The smallest community banks in California are less profitable than their counterparts nationwide.

In last year's first nine months, community banks in California with less than $100 million of assets returned an annualized 0.59% on assets, according to the Federal Deposit Insurance Corp. The nationwide figure for banks of similar size was 1.25%.

Even excluding the 13 banks formed in California in 1998, return on assets was a paltry 0.76%. Return on equity for California's smallest banks was 4.53%, versus 11.19% for similar-size banks nationwide.

Bankers and industry observers attributed the low ratios to fierce competition for loans in California, tightening loan spreads, increased loan-loss provisions, and lack of fee income.

"We're struggling to put loans on the books," said Craig Collette, president and chief executive officer of Marathon National Bank in Los Angeles, with $78 million of assets.

The story is similar for the state's biggest banks. According to a "state of the industry" report released this month by the California Bankers Association, loans at the state's three biggest banks-Bank of America, Wells Fargo and Union Bank of California-increased at a 2.2% annual rate in the first nine months of 1998.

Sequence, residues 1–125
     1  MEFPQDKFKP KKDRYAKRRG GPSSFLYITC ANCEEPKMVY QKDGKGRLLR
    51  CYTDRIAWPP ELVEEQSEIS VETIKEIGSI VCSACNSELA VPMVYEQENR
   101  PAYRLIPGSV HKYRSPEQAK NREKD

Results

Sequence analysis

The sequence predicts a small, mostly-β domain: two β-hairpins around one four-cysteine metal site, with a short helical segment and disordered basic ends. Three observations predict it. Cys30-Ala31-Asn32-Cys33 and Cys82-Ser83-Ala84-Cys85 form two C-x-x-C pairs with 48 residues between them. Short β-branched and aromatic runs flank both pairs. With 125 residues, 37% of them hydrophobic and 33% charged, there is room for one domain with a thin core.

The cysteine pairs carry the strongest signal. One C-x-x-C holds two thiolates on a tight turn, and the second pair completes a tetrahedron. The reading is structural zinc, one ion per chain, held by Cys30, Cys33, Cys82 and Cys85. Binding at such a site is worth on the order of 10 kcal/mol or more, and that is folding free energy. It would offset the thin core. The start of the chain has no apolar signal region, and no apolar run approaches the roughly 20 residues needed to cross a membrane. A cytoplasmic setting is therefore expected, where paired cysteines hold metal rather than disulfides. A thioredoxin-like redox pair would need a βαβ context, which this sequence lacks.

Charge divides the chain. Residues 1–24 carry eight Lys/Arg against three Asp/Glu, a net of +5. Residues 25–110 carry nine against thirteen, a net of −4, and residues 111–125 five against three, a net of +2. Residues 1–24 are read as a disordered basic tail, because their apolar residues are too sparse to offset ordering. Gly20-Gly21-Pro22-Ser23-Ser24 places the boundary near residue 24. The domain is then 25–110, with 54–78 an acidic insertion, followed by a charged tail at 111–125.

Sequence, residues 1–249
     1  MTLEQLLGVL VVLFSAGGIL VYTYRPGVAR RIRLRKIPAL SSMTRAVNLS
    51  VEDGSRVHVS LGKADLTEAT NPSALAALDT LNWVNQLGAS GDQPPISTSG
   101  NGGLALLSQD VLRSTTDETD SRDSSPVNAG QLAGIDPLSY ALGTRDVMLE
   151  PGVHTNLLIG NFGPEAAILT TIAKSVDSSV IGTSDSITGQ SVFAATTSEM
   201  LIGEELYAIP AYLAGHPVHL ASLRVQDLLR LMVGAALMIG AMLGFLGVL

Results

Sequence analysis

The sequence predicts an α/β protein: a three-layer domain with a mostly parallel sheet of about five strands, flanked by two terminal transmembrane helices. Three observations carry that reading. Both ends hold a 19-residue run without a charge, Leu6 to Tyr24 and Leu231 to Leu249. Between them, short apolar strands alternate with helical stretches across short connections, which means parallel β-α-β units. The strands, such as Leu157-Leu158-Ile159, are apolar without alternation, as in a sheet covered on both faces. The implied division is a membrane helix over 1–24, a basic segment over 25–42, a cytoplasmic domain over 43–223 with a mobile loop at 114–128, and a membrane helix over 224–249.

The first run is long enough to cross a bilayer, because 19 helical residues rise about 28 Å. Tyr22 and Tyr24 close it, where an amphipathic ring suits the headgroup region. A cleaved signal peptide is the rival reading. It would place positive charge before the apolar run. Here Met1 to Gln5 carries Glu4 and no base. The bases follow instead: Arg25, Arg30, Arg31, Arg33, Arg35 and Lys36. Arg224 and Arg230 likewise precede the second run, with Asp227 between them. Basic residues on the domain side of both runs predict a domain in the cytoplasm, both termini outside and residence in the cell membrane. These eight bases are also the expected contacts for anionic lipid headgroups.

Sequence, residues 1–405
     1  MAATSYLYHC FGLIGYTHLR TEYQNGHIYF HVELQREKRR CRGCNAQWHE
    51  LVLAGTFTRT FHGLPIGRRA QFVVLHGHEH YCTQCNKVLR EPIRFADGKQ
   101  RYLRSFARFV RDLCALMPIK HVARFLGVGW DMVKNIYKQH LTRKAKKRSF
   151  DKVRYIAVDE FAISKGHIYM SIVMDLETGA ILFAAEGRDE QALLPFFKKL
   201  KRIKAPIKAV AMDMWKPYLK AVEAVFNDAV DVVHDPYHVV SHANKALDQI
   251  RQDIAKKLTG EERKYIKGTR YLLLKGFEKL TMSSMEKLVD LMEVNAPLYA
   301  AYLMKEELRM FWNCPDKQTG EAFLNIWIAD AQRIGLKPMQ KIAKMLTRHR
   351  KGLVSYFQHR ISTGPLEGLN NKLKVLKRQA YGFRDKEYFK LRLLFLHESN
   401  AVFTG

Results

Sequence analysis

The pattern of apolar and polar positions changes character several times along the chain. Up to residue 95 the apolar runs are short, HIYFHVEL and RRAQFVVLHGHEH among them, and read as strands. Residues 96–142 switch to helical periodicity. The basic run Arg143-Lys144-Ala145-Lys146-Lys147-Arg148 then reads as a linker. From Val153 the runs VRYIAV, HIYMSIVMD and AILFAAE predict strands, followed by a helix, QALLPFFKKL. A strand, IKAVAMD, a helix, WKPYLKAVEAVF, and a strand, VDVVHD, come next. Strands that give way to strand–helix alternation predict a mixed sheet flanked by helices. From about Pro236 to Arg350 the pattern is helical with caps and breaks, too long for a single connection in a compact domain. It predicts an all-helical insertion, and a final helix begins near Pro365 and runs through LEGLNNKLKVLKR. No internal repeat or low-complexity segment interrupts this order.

The figure was 15.2% for banks with less than $10 billion of assets.

One problem plaguing the smallest banks is high expenses. California's cost of living is generally higher than that of other states. As a result, efficiency ratio at California's community banks is 78.46%, compared with the national average of 65.01%, for banks with less than $100 million of assets.

"It is a challenge for small community banks to achieve efficiencies," said William B. Waddell, president at Granite State Bank in Monrovia, Calif. "Our product is customer service."

Banks with less than $100 million of assets make up about 38% of California's banks.

Despite weak profits, the state's smaller banks are growing. As of September their median asset growth rate was 12.69%, compared with 7.84% for all U.S. banks, according to Sheshunoff Information Services.

Overall, industry observers said, those banks with top management teams will prosper.

"The future is bright for some," said Michael B. Abrahams, bank analyst at Sutro & Co. in San Francisco. "Others have weak management and board of directors."

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